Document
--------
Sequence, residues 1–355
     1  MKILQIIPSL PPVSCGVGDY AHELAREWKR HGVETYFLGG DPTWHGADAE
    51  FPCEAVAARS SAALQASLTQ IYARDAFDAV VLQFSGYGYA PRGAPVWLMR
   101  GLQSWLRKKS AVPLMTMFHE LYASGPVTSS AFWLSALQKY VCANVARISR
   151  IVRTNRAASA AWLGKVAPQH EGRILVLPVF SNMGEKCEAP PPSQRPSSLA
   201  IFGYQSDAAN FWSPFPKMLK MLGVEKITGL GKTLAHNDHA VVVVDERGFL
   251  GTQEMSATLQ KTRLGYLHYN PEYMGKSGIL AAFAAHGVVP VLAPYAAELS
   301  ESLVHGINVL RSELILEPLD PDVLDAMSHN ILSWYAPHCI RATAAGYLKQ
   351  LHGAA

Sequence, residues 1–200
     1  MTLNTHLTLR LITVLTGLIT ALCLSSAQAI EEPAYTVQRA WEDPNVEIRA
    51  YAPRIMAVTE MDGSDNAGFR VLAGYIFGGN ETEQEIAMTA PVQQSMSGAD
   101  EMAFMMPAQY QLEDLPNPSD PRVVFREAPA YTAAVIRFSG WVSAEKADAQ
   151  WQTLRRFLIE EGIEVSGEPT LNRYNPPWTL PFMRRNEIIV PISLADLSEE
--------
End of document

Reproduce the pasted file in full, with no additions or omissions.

Sequence, residues 1–355
     1  MKILQIIPSL PPVSCGVGDY AHELAREWKR HGVETYFLGG DPTWHGADAE
    51  FPCEAVAARS SAALQASLTQ IYARDAFDAV VLQFSGYGYA PRGAPVWLMR
   101  GLQSWLRKKS AVPLMTMFHE LYASGPVTSS AFWLSALQKY VCANVARISR
   151  IVRTNRAASA AWLGKVAPQH EGRILVLPVF SNMGEKCEAP PPSQRPSSLA
   201  IFGYQSDAAN FWSPFPKMLK MLGVEKITGL GKTLAHNDHA VVVVDERGFL
   251  GTQEMSATLQ KTRLGYLHYN PEYMGKSGIL AAFAAHGVVP VLAPYAAELS
   301  ESLVHGINVL RSELILEPLD PDVLDAMSHN ILSWYAPHCI RATAAGYLKQ
   351  LHGAA

Sequence, residues 1–200
     1  MTLNTHLTLR LITVLTGLIT ALCLSSAQAI EEPAYTVQRA WEDPNVEIRA
    51  YAPRIMAVTE MDGSDNAGFR VLAGYIFGGN ETEQEIAMTA PVQQSMSGAD
   101  EMAFMMPAQY QLEDLPNPSD PRVVFREAPA YTAAVIRFSG WVSAEKADAQ
   151  WQTLRRFLIE EGIEVSGEPT LNRYNPPWTL PFMRRNEIIV PISLADLSEE